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Of Bugs and Men: Cricket Ranching in America

If Westerners can overcome their disgust of crickets—or any bug—as food, the environmental benefits could be significant.
(Illustration: Daniel Stolle)

(Illustration: Daniel Stolle)

Jack Armstrong's family farm, just outside of West Monroe in northern Louisiana, is one of the oldest of its kind in the nation. It’s an unconventional operation. In place of pastures, there are white warehouses. In place of traditional livestock, there are crickets.

In 1945 Jack’s grandfather, Tal Armstrong, a plumber by trade, was trying to find a way to breed crickets, in Glennville, Georgia. He loved fishing, and crickets proved to be his best bait—but he was done paying people to catch them. He began experimenting with raising the arthropods in his boiler room. A friend who owned a funeral home nearby offered Tal the boxes that caskets came in as makeshift homes for the crickets. They turned out to be just right; the crickets thrived. Within a year, word got around that Tal had the best fishing bait in town, and Tal realized his pastime could support much more than a roadside stand.

Armstrong’s Cricket Farm officially opened on January 1, 1947. In less than a decade, the family operation grew into two farms in two states, producing hundreds of millions of crickets a year. Today around 93 percent are sold to the pet food industry (PetSmart is the largest buyer); most of the rest are still sold for fish bait. But in the last two years, the farm has taken on unexpected clientele: entrepreneurs who hope to prepare and sell crickets for you and me to eat.

In light of the glaring environmental impact of raising traditional meats, crickets have piqued people's interest because they are so efficient.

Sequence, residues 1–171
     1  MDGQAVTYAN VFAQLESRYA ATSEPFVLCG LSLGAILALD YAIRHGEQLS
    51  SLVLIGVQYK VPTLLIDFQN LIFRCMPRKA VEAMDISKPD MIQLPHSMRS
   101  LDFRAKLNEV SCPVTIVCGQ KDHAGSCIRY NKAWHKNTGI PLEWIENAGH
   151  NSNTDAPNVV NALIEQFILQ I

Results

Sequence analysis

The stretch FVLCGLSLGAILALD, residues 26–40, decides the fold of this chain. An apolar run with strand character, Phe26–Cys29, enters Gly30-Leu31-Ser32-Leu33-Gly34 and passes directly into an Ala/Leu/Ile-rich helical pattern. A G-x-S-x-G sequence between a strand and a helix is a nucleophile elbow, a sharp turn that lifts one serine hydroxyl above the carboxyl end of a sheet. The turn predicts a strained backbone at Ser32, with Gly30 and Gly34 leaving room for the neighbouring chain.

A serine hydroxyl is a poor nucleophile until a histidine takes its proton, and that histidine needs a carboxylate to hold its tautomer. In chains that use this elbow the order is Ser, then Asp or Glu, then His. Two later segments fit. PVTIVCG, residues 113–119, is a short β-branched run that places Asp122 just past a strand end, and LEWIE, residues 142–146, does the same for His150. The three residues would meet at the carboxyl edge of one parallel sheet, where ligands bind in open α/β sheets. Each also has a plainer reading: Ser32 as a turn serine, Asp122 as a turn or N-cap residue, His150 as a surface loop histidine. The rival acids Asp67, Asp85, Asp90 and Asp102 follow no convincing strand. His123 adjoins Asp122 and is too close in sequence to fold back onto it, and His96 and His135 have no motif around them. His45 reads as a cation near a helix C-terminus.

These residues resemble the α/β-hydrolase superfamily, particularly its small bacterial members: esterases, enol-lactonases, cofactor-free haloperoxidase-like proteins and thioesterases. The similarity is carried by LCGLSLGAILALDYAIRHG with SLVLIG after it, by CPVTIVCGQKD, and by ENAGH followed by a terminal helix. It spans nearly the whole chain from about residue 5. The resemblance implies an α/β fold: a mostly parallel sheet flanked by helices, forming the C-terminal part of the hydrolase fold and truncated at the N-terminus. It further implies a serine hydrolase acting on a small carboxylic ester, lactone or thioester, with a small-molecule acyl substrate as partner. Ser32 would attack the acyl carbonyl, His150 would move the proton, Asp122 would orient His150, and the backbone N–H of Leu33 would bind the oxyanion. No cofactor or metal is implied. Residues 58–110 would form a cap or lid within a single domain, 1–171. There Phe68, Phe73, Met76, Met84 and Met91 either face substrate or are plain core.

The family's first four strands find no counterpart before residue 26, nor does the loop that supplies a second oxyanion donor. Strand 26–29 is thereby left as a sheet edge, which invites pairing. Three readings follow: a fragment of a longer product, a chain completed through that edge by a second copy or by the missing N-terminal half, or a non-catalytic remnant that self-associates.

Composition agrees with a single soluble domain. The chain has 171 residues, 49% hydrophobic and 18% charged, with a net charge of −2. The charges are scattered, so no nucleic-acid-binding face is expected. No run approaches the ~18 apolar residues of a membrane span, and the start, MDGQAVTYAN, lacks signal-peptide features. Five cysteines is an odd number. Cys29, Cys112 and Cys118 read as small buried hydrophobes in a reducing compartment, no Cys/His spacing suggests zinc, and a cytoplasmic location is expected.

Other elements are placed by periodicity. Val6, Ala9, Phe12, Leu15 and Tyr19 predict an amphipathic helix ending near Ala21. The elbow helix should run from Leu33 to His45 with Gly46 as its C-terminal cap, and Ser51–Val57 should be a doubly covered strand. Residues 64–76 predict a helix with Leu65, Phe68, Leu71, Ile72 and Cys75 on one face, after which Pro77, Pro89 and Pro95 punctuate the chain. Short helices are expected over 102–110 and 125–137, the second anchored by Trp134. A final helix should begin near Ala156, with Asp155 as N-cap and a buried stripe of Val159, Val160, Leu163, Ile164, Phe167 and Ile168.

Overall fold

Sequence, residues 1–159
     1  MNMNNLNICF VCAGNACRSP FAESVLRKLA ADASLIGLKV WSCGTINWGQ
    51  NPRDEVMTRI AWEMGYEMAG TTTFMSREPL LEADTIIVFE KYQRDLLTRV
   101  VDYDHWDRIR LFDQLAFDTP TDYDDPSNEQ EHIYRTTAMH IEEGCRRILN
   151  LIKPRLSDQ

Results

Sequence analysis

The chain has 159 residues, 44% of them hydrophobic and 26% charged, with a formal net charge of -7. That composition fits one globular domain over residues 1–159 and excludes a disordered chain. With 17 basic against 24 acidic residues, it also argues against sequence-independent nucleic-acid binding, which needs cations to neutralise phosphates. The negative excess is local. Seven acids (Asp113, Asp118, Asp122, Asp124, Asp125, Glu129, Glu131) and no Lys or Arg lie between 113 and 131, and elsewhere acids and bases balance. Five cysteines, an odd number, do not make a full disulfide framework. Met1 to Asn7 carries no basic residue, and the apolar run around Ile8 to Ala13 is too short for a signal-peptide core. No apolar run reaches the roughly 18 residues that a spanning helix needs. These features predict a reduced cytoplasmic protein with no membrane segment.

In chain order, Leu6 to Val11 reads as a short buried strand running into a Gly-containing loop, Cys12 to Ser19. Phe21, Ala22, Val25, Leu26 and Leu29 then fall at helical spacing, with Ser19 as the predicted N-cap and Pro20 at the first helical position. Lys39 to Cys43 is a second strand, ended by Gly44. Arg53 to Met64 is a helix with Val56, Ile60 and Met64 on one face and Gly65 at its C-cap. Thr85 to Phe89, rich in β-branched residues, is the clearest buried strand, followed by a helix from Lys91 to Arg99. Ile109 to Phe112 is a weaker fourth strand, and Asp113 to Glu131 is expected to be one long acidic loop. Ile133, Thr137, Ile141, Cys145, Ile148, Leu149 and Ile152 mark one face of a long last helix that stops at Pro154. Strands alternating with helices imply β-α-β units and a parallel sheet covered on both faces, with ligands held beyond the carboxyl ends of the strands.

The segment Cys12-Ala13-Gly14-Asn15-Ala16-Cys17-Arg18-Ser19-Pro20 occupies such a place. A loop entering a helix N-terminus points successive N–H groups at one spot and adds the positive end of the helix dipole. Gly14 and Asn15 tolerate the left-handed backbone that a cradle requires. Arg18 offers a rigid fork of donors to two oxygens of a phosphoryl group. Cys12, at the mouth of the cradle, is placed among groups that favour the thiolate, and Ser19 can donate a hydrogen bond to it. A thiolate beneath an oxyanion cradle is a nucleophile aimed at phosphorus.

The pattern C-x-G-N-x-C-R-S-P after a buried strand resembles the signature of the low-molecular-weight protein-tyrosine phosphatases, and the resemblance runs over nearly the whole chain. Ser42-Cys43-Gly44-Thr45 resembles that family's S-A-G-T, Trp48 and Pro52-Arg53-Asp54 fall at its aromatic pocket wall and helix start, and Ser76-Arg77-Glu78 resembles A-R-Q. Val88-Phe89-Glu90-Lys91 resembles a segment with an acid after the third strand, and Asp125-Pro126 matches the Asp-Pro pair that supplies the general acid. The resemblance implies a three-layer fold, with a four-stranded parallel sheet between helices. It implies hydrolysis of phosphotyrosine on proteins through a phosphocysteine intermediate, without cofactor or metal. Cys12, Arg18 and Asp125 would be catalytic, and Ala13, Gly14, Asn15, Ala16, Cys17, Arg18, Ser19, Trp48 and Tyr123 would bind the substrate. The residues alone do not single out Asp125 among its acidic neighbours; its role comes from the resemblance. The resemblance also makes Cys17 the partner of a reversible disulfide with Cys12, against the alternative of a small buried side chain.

Crickets are surprisingly nutritious. Per hundred grams, they contain nearly the same amount of protein as ground beef and the same amount of iron as spinach, and more vitamin B12 than salmon. In light of the glaring resource-intensiveness and environmental impact of raising traditional meats, crickets have piqued people’s interest because they are so efficient: Pound for pound, the bugs need far less water and feed than chickens and cows. The market now includes competing cricket-protein bars, cricket-based snack chips (“Chirps”), and cricket flour for baking; chefs are offering items such as cricket tacos on menus. Many of these new companies have reached out to Armstrong for supply.

Last year, Armstrong and I sat in his office talking crickets, the acidic smell of manure and feed permeating the air. In his mid-60s and slightly stooped, Armstrong can talk about the bugs for hours, punctuating stories with a wheezy laugh that crinkles his hazel eyes. His desk was a display of cricketalia: a jar of chocolate-covered crickets sat next to a foot-long bronze cricket paperweight; behind that was a box of cricket-protein bars (every once in a while he eats one). “The way we raise them now is a jillion times different than in granddaddy’s day,” Armstrong said, leaning back in his chair. He then backtracked a little, adding that the basics are more or less the same. “You got your sand, like he had; you put sand in the boxes and adults lay eggs in them and they hatch out and you go from there,” he said. “But now in our complex we’ve got buildings just to hatch eggs in, one to catch them in, and we put them in buildings based on age.”